As mentioned before referring to FIG. 1, in order to eliminate the light leakage more effectively, in the cross section taken along a plane perpendicular to both the reflecting surface of the reflection means and the surface of the light-transmitting substrate, it is preferable that the height h of the reflection means (measured from the contacting surface of the light-transmitting substrate with the first electrode) be set to H·4t/(1+3t) or more (where t=d/D, D: the distance between the centers of two reflection means surrounding an organic EL device, d: the distance between two reflecting surfaces of the two reflection means facing the organic EL device, H: the distance between the contacting surface (of the light-transmitting substrate with the first electrode) and the light-emitting surface of the light-transmitting substrate).

In the case where the reflection means in accordance with the present invention is formed by metal embedded in the substrate, the reflection means can be formed so as to be extended and electrically connected in a proper direction and also be connected with the first electrode(s). By such structure of the reflection means, the reflection means can also function as an assist electrode for the first electrode(s). By the assist electrode function of the reflection means, the resistance of the first electrode can be reduced and thereby the total power consumption of the light-emitting devices can be reduced considerably.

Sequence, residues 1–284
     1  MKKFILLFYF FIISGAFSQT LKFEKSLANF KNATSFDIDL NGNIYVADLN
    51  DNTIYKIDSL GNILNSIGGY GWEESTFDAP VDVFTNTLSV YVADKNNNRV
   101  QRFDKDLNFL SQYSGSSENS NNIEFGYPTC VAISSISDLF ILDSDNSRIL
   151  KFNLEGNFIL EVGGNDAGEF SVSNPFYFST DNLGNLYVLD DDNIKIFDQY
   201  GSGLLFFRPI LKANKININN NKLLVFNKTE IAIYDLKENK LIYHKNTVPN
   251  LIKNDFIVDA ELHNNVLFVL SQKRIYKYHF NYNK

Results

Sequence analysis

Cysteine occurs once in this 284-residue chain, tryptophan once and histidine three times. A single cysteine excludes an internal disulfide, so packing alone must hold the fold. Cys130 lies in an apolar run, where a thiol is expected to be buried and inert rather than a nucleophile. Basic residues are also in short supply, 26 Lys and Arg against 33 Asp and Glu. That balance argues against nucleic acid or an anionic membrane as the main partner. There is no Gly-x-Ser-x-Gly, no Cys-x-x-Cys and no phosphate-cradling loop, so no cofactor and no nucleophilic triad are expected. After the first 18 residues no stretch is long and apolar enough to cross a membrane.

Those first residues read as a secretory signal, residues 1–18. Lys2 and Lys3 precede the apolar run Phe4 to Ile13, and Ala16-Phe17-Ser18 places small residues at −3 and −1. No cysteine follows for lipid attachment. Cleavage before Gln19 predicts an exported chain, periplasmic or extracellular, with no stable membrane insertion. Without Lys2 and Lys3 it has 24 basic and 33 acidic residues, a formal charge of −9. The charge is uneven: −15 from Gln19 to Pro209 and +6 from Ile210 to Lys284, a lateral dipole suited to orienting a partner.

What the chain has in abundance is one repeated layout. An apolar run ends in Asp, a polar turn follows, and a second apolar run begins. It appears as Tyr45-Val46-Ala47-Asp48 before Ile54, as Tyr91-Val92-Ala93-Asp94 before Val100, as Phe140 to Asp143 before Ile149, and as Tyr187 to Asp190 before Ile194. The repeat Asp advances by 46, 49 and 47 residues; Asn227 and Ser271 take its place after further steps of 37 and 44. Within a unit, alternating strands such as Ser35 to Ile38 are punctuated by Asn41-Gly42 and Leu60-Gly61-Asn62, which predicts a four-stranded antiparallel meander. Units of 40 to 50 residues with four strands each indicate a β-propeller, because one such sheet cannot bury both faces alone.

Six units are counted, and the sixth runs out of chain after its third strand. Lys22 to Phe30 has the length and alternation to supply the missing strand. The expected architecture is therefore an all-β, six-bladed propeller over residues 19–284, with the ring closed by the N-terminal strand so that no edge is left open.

As the metal to be used for the formation of the reflection means, any metal or alloy that is capable of reflecting the light emitted by the organic EL device can be employed. However, in the case where the metal part (reflection means) is electrically connected with the first electrode and the anode of the organic EL device is formed by the (light-transmitting) first electrode, if metal capable of injecting holes into the organic thin layers of the organic EL device (gold, silver, etc.) is employed for the metal part, it is necessary to provide an electrical insulator between the metal part and the organic thin layers.

That requires extra processes and causes high cost. Therefore, it is preferable that the metal to be used for the reflection means should have a work function of 4.3 eV of less, by which hole injection to the organic thin layer becomes impossible. Such metals include: indium, aluminum, magnesium, magnesium-indium alloy, magnesium-aluminum alloy, aluminum-lithium alloy, aluminum-scandium-lithium alloy, magnesium-silver alloy, etc.

In the following, the present invention will be described in detail with reference to some illustrative embodiments, however, it is to be appreciated that the spirit and scope of the present invention is not to be restricted by the particular illustrative embodiments.

[Embodiment 1]

FIGS. 6 and 7 illustrate a light-emitting device in accordance with a first embodiment of the present invention. FIG. 6 is a partly broken perspective view of the light-emitting device of the first embodiment, in which the second electrode 6 and the organic layer 12 are partly and obliquely broken. FIG. 7 is a vertical sectional view of the light-emitting device of FIG. 6. Referring to FIG. 6, combshaped metal parts (reflection means) 7 made of magnesium-silver alloy were placed in a substrate formation frame (a frame used for the formation of the substrate) and arranged in the same direction at intervals of 200 μm so as not to touch each other. Dimensions of the combshaped metal part 7 were: a1=190 μm, a2=90 μm, a3=a4=100 μm, and a5=480 μm.